4. Dude, I am going through this. I go to my shitty community college and wonder if I really want to be there. I wonder if I want to drop out or if it’s just laziness. I see people who go to work in unfullfilling jobs and take care of their kids. And that’s it. I don’t want that. Anyway, it’s comforting to see someone around my age can do it.

  5. I like this post… and your personal touch adds evidence that people can shape their life and their lifestyle they way the envision it. The problem is that a lot of people tend not to envision or work for it, and they just settle instead.

    Life is what you make it, and I think its more simple and attainable than people think, but like what you said, people have doubt and dont believe.

  6. Geez,

    you sound like such an arrogant ass. I notice how cognitive dissonance is your favorite phrase, as you use it all the time. Or, maybe it’s just that your not an ass, and your writing just comes off as cold.

  7. Fight club club called, they want their story back!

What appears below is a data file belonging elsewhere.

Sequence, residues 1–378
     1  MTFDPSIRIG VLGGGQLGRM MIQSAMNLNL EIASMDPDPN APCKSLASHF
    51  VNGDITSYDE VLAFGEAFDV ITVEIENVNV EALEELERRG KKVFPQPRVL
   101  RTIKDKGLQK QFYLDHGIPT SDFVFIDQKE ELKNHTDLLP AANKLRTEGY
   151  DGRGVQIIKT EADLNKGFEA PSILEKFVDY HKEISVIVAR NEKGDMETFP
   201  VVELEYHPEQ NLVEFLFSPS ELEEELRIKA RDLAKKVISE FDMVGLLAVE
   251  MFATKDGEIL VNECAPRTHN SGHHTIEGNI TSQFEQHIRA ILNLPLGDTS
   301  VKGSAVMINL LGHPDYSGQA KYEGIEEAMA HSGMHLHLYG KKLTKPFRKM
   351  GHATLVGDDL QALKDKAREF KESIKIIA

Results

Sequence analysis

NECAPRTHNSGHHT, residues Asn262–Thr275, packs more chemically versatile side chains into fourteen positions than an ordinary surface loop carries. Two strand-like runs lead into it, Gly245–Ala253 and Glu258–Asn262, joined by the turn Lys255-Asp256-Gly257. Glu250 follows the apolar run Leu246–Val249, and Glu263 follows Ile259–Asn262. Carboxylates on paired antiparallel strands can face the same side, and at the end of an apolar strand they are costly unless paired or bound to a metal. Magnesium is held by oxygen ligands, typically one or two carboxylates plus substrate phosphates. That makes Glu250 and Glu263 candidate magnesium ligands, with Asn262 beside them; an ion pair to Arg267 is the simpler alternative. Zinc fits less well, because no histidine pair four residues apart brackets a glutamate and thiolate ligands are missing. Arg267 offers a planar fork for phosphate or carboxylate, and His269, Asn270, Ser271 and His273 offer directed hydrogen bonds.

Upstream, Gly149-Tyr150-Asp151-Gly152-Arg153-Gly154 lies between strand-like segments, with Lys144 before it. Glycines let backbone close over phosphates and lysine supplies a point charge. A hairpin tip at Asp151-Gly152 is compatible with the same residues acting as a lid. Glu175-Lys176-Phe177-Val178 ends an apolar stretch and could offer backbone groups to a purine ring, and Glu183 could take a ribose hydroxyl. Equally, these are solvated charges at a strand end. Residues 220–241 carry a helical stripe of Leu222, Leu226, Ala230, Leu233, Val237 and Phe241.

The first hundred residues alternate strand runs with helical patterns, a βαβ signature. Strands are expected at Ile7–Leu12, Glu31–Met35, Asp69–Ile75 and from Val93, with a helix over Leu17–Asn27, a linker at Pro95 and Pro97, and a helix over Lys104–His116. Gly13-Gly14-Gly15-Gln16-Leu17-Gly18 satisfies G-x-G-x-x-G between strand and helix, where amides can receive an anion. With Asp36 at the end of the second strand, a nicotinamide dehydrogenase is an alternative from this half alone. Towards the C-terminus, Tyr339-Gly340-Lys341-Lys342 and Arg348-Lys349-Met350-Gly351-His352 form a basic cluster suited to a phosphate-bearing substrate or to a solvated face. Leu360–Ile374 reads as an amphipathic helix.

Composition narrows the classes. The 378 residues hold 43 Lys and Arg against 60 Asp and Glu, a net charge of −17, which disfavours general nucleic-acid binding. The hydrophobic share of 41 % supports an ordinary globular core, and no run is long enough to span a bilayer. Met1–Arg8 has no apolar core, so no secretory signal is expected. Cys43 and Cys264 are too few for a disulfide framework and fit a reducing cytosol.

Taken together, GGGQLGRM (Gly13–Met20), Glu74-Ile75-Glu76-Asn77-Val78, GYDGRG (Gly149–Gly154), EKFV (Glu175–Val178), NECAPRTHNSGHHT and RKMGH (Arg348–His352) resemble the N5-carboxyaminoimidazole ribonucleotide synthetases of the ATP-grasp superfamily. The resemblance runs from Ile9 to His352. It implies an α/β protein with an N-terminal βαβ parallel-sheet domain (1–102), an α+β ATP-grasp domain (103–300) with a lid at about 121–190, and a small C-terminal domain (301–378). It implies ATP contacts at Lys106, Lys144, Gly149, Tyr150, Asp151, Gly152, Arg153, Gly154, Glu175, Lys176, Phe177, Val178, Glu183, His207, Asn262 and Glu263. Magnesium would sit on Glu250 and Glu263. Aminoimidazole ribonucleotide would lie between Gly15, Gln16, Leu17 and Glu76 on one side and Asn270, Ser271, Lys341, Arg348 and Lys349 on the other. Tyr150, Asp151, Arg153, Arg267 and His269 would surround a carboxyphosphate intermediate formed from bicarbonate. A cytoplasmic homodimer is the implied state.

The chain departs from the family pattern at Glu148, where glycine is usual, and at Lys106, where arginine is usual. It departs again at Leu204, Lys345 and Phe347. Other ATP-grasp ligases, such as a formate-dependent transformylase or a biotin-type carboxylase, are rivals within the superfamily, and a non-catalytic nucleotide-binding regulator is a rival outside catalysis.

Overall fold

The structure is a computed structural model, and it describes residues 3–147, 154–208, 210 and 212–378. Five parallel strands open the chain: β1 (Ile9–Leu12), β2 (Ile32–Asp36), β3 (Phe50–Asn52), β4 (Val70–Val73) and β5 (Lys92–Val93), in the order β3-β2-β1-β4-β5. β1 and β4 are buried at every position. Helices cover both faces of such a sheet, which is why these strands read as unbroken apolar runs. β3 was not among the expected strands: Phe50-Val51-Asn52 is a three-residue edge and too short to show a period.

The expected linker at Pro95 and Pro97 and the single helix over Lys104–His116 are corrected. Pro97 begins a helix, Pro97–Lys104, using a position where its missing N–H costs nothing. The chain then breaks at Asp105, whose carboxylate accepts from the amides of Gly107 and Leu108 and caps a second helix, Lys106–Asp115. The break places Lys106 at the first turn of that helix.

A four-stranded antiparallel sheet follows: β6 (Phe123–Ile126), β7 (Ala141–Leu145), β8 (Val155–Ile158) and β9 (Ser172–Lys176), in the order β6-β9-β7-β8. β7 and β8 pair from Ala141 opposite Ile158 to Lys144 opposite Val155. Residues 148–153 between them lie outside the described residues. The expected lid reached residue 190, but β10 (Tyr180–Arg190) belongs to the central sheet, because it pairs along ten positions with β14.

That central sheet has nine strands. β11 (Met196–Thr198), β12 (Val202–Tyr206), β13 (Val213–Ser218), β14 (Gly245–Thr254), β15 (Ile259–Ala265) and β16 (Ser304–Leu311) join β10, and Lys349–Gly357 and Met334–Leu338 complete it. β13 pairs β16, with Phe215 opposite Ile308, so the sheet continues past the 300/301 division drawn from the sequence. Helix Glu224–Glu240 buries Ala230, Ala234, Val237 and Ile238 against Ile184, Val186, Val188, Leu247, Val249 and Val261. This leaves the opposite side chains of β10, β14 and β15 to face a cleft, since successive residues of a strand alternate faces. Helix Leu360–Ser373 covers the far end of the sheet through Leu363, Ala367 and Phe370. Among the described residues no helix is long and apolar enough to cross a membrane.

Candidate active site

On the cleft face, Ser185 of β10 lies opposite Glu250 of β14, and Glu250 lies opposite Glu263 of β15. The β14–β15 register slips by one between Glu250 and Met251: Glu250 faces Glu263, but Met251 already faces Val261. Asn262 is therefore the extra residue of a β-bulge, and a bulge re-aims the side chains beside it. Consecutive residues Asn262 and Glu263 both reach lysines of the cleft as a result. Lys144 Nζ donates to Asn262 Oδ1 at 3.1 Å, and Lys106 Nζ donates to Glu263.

Fight club club called, they want their story back!


  8. J,

    That’s a really good question and it’s something I am working on. I’m not sure it’s an awful thing that there isn’t a distinction – it means I like what I do. But my girlfriend is working on forcing me to let go and to try to spend more time not doing anything.

  9. What you wrote is the truth. One thing I’ve noticed is that when you initially start out on this path, everyone and their grandmothers will attempt to weigh you down with their doubts. “Doing ___ wont pay enough;” “You’ll limit your career options if you don’t go the corporate route;” “There is a difference between a dream and real life;” etc.

    Perhaps these attitudes arise from the artificial notion of success that traditional career/life paths provide. If you’re a document filer at MEGACORP then, people can rationalize your current state by thinking “well, in 10-20 years, he’ll be a manager.”